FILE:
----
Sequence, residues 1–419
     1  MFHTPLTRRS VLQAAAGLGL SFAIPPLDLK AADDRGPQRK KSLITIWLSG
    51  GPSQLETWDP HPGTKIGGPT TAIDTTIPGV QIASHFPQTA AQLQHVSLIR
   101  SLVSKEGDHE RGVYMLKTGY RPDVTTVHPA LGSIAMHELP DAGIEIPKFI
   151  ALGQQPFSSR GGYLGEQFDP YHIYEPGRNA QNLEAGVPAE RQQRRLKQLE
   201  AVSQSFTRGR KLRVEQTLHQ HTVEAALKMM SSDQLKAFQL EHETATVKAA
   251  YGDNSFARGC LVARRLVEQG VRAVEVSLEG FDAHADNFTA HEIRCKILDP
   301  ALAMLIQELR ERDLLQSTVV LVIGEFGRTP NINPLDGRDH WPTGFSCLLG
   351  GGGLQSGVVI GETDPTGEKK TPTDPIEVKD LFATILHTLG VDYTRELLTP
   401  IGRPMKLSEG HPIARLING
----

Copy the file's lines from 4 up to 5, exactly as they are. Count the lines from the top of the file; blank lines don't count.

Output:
   101  SLVSKEGDHE RGVYMLKTGY RPDVTTVHPA LGSIAMHELP DAGIEIPKFI
   151  ALGQQPFSSR GGYLGEQFDP YHIYEPGRNA QNLEAGVPAE RQQRRLKQLE